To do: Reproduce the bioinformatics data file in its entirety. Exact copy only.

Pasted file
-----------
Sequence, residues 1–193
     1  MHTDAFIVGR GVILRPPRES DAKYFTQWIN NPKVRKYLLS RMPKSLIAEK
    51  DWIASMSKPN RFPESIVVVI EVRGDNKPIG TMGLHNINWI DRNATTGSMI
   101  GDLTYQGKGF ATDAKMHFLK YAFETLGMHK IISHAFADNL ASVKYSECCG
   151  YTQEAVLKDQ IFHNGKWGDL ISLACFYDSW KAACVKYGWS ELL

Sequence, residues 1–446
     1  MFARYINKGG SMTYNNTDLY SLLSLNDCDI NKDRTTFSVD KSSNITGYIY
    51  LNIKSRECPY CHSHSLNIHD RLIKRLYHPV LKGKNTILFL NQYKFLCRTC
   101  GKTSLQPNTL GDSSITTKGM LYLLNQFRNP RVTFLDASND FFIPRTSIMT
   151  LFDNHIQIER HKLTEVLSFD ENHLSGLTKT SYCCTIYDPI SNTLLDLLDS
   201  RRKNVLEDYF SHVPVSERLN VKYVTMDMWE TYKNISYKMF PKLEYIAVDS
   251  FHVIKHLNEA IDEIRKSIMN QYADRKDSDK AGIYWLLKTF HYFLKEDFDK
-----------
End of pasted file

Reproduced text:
Sequence, residues 1–193
     1  MHTDAFIVGR GVILRPPRES DAKYFTQWIN NPKVRKYLLS RMPKSLIAEK
    51  DWIASMSKPN RFPESIVVVI EVRGDNKPIG TMGLHNINWI DRNATTGSMI
   101  GDLTYQGKGF ATDAKMHFLK YAFETLGMHK IISHAFADNL ASVKYSECCG
   151  YTQEAVLKDQ IFHNGKWGDL ISLACFYDSW KAACVKYGWS ELL

Sequence, residues 1–446
     1  MFARYINKGG SMTYNNTDLY SLLSLNDCDI NKDRTTFSVD KSSNITGYIY
    51  LNIKSRECPY CHSHSLNIHD RLIKRLYHPV LKGKNTILFL NQYKFLCRTC
   101  GKTSLQPNTL GDSSITTKGM LYLLNQFRNP RVTFLDASND FFIPRTSIMT
   151  LFDNHIQIER HKLTEVLSFD ENHLSGLTKT SYCCTIYDPI SNTLLDLLDS
   201  RRKNVLEDYF SHVPVSERLN VKYVTMDMWE TYKNISYKMF PKLEYIAVDS
   251  FHVIKHLNEA IDEIRKSIMN QYADRKDSDK AGIYWLLKTF HYFLKEDFDK